In the same boat: in the same bad situation.
e.g. We're now in the same boat: flat broke.

Not in the same street: not in the same class or category.
e.g. Of course, my car in not in the same street as yours: you paid a lot more.

Ark: an old car.
e.g. Why don't you get rid of your ark, and get a new one?

Half-inch: steal.
e.g. Where did you get it from? You didn't half-inch it, did you?

Gift of the gab: ability to give effective speeches.
e.g. The new Mayor has the gift of the gab: people like listening to him.

Hang out: reveal everything.
e.g. I want the truth, and nothing but the truth. Let it all hang out!

Go round: be enough for all.
e.g. Do you think we've enough drinks to go round at the party tonight?

Give the lie to: contradict; prove something is false.
e.g. I have to give the lie to what you just said: I did not take your money.

 Also, read my other book on American Idioms

Stephen Lau
Copyright© by Stephen Lau

Thursday, November 9, 2017

Some American Idioms for You

Pull the wool over someone’s eyes: deceive
e.g. Don’t try to pull the wool over my eyes: I wasn’t born yesterday.

Meet someone halfway: compromise
e.g. He settled the agreement with her by meeting her halfway.

First and last: above all; under all circumstances
e.g. She was an accomplished pianist first and last.

Poop out: tire out
e.g. The marathon race pooped me out; I could hardly walk.

Make as if: pretend
e.g. You made as if you enjoyed the film, but you really didn’t.

Lead someone astray: cause someone to do something wrong or illegal
e.g. If you are always in the company of lawbreakers, you  may be easily be led astray.

Hit like a ton of bricks: surprise or shock
e.g. The sudden resignation of the President hit the people like a ton of bricks.

Go the distance: do the whole thing
e.g. This is a long, complicated project. To succeed, you must go the distance.

For a song: inexpensive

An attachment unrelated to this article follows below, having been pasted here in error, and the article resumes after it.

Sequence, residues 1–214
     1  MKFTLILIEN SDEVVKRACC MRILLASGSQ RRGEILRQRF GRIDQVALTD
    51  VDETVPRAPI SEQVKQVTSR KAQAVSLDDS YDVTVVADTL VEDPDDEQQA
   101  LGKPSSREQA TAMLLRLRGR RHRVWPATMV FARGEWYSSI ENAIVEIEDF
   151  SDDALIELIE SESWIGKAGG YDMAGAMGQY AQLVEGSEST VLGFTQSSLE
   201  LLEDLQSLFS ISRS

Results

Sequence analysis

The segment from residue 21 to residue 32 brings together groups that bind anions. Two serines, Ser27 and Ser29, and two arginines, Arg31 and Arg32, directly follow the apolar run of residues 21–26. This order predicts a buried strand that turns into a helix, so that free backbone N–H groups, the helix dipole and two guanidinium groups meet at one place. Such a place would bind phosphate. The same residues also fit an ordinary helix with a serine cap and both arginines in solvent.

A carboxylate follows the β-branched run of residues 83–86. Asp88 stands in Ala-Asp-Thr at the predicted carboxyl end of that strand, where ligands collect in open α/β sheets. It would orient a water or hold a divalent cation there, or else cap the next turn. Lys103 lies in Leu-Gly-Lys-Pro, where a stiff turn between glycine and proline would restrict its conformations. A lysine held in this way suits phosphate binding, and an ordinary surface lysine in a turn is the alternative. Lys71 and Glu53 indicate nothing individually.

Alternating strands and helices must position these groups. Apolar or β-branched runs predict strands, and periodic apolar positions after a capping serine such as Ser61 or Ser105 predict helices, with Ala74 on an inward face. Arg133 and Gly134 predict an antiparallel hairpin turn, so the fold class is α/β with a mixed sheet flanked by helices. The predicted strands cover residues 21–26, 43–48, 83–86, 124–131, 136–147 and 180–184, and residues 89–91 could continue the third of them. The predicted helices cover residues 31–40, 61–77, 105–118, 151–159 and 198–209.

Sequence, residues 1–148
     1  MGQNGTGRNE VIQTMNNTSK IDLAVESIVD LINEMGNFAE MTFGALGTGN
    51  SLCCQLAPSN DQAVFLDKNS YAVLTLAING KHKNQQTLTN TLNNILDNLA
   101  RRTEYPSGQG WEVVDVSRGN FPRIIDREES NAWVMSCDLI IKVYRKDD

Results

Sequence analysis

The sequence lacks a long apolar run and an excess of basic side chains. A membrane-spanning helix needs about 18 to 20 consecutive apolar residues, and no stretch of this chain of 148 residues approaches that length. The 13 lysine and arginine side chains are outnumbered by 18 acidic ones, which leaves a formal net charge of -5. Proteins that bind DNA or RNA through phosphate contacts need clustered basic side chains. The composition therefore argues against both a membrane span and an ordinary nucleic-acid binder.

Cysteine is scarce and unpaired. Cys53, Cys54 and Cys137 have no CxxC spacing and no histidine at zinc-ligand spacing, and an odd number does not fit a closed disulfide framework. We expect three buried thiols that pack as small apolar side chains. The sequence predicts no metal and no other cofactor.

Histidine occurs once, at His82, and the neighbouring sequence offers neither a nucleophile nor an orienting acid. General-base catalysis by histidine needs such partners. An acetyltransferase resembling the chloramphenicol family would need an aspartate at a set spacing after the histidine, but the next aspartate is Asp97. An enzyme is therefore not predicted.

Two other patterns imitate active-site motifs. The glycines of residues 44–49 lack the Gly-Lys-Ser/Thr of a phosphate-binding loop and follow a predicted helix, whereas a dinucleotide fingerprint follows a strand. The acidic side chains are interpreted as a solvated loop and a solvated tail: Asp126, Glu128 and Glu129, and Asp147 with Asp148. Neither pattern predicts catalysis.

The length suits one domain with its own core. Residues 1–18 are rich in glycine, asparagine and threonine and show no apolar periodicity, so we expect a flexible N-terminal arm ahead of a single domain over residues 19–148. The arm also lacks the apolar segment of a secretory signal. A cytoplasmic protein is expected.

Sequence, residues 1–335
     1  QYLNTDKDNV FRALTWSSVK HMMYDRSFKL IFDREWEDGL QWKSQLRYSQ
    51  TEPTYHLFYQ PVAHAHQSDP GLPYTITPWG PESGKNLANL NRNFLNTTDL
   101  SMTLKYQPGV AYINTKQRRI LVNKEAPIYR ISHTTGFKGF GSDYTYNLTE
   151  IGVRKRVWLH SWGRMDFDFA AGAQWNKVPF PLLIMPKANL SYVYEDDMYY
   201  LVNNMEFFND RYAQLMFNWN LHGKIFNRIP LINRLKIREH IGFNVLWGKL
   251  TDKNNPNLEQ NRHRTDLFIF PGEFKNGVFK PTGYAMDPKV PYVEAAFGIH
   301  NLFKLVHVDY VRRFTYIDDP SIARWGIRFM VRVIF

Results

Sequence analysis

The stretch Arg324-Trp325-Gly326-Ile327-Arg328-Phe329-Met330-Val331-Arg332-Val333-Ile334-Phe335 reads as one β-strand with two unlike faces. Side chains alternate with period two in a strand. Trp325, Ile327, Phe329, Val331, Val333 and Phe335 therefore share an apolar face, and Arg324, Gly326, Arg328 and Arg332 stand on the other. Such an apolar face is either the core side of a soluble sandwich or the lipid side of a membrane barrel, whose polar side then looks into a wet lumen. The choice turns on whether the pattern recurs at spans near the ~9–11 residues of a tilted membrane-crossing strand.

e.g. You can get this on the Internet for a song.

Hit the nail on the head: do exactly the right thing
e.g. Your remark hit the nail on the head; that was precisely the solution to the problem.

Stephen Lau
Copyright© by Stephen Lau

Sunday, November 5, 2017

Correct Use of Prepositions

HOLD

Hold off: delay; restrain.

e.g. We can no longer hold off the launching of the sales campaign
e.g. The air strike might hold off the enemies for some time.

FIND

Find out: discover; learn

e.g. The police eventually found out the truth of the murder case.
e.g. Sooner or later you will find out all the facts.

HAND

Hand down: deliver; leave as an inheritance.

e.g. We have handed down all the information to our associates.
e.g. When he dies, he will hand down his business to his family, and not before.

Hand in: submit.

e.g. I have handed in my resignation; tomorrow will be my last day in the office.

Hand over: yield control of.

e.g. The manager has handed over the human resources section to the assistant manager.

CHECK

Check out: leave; pay bills.

e.g. We are going to check out the hotel at noon.

Check up on: investigate.

e.g. The account will check up on the sum of money unaccounted for.

TOUCH

Touch on: mention briefly.

e.g. The professor barely touched on the subject of Civil War.

Touch up: repair.

e.g. Can you touch up the scratches on the door?

Stephen Lau
Copyright© by Stephen Lau